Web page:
Happy Valentine’s Day!
All around the world, in every corner of the internet, people are posting or googling recipes for things like chocolate fondants and profiteroles, planning in what they will eat with their other half this evening and exactly what it is that constitutes the ultimate romantic dessert.
So today I’m bringing you breakfast in the form of my favourite chunky granola . . .
Valentine’s is one of those days I’ve always been slightly unsure about whether to celebrate. If you’re single it’s the ultimate salt in the wound, the kind of day that can end in crying under the covers, excessive watching of Bridget Jones on DVD and one too many glasses of Sauvignon Blanc. If you’re in a relationship, it’s the one day of the year when your love for each other feels strangely less unique, cooing couples, giant bouquets of flowers and grand gestures making appearances at every turn.
That’s not to say I’m a complete scrooge about the day. Any excuse to tell my fiancé that I love him and – almost as importantly – any excuse to get stuck into some delicious food and indulgent desserts is absolutely fine by me. We won’t be eating out this evening (overpriced set menus and restaurants full of awkward first dates aren’t really my idea of a romantic evening) but there’s a sofa with our name on it and a tub of homemade milk chocolate cookie ice cream (this stuff is so good, I promise to post it soon) just waiting to be
attacked shared with two spoons.
In the morning, the Valentine’s merchandise cleared from the shops and all the fuss over for another year, we’ll wake up and eat breakfast together. Slow spoonfuls, sleepy smiles and a shared experience so much more important and – dare I say it – romantic than the forced celebrations of the night before.
I’ve talked before about grand gestures versus the little things in life and I’m happy to reiterate my point today: you can eat as many incredible dinners out as you like with someone, but it’s only once you’ve enjoyed breakfast together that you’ll know they’re a real keeper.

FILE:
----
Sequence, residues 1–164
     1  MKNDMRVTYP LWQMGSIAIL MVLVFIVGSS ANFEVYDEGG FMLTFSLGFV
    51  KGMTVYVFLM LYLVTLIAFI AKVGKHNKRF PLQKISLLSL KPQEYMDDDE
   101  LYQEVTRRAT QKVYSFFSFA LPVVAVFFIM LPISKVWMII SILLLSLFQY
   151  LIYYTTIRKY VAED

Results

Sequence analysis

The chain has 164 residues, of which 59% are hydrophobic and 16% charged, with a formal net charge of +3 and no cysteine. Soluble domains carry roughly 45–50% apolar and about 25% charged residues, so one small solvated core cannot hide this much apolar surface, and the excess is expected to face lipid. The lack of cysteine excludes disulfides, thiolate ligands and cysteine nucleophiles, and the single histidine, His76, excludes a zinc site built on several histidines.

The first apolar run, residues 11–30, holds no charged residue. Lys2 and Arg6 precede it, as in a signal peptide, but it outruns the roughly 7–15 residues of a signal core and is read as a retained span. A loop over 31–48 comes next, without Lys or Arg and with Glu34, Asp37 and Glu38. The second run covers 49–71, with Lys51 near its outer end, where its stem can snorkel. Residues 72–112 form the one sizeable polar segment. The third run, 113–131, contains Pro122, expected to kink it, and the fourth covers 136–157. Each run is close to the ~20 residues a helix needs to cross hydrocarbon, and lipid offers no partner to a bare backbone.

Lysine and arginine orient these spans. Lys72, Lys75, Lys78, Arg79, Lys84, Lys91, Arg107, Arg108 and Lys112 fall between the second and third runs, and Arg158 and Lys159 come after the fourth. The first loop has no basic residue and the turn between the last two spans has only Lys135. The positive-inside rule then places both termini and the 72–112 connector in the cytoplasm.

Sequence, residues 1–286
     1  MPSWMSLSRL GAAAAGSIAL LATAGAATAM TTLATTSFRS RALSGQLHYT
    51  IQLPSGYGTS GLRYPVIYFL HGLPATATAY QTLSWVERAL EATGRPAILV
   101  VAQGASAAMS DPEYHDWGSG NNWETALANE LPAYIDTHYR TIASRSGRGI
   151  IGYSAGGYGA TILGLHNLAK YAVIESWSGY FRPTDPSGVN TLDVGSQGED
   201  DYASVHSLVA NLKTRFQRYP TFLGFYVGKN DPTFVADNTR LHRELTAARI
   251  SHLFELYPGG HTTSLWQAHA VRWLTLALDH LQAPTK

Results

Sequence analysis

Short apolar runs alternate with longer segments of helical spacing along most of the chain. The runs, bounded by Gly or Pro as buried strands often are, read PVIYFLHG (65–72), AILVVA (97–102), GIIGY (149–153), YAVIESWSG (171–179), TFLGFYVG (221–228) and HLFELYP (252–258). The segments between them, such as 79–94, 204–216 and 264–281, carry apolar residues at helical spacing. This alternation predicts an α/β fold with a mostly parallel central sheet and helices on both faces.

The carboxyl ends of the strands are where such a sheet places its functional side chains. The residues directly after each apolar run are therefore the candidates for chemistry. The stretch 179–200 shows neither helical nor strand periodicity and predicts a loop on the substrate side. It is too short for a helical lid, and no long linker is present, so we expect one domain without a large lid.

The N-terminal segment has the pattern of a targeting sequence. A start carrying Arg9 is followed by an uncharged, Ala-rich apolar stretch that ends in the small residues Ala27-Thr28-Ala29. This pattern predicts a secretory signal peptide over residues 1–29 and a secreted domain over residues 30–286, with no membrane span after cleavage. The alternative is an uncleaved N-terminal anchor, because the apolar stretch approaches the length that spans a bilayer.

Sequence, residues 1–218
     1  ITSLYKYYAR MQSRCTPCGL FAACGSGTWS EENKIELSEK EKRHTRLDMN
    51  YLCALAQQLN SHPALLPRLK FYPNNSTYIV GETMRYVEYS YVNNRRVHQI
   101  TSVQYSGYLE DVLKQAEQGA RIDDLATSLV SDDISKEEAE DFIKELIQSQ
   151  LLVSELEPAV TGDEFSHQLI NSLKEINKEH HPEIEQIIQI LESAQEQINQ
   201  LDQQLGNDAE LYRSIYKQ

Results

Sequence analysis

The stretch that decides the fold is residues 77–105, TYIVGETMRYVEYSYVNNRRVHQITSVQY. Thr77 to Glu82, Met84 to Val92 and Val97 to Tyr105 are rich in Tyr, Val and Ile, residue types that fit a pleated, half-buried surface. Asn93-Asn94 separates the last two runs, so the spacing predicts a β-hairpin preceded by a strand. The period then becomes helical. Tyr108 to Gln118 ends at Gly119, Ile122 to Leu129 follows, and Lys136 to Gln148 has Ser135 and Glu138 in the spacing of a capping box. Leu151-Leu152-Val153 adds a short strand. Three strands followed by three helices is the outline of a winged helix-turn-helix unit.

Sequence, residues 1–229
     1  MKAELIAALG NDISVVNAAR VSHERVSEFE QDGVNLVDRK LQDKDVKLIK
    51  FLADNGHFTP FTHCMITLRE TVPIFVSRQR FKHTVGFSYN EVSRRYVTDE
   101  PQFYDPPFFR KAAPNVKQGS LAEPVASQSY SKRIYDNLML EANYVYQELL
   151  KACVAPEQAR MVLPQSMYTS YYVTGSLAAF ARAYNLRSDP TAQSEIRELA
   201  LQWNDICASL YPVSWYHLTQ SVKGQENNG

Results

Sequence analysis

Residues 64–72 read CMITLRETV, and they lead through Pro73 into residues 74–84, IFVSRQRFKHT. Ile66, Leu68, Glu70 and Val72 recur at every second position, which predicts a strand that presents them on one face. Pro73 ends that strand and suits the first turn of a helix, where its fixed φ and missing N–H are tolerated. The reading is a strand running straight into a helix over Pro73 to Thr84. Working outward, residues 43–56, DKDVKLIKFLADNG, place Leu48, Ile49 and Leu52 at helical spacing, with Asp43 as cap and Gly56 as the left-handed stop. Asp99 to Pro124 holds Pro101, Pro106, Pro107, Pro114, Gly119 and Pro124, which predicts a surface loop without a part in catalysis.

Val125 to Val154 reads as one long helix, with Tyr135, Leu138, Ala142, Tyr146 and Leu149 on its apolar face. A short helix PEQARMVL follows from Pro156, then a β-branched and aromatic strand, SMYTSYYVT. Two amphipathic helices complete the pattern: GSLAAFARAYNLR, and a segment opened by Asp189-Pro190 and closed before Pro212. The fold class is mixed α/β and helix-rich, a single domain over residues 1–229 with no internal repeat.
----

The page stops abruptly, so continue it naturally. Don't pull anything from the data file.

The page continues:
This granola recipe is the best I’ve come across so far. Sweet enough to feel like a treat but packed full of nutrients and slow-releasing energy in the form of nuts, seeds and oats, it’s the perfect indulgent start to the day. A mixture of maple syrup and honey means that no one flavour dominates but the two are interchangeable here, as are the oils.
Granola is infinitely adaptable to personal taste so by all means swap in other nuts, seeds and fruit, add a little toasted coconut or even some cocoa nibs or chocolate chunks. I totally understand if you can’t quite cope with a Valentine’s Day recipe that doesn’t involve some sort of chocolate.
Chunky Homemade Granola (adapted from an Ottolenghi recipe)
For the syrup
100ml maple syrup
100ml runny honey
3 tbsp sunflower oil
1 tbsp olive oil
Large pinch salt
For the granola
200g whole rolled oats
100g jumbo rolled oats
60g whole unskinned almonds
60g pumpkin seeds
1 tbsp poppy seeds
1 tsp flax seed
100g dried apricots, roughly chopped
Preheat the oven to 140 degrees C. Line two baking trays (or one large one) with baking parchment. Combine the oats, nuts and seeds in a medium bowl.
Combine all the syrup ingredients in a small saucepan and warm gently over a low heat. Pour the syrup over your oat, nut and seed mixture and stir well to combine.
Spread the granola over your two trays, forming a layer no thicker than 1cm. Bake for 40 minutes, stirring occasionally but being careful not to break up the clumps (unless you prefer a looser granola, in which case stir away).
Once the granola has a dark, honey-like colour, remove from the oven. Don’t worry if it’s still a little soft: it will harden as it cools.
While the granola is still warm, but not hot, fold in the chopped apricots and break up any clusters that are too big.
The granola will keep in an airtight container for up to four weeks. Being seriously moreish, I can’t imagine it would last that long in many households.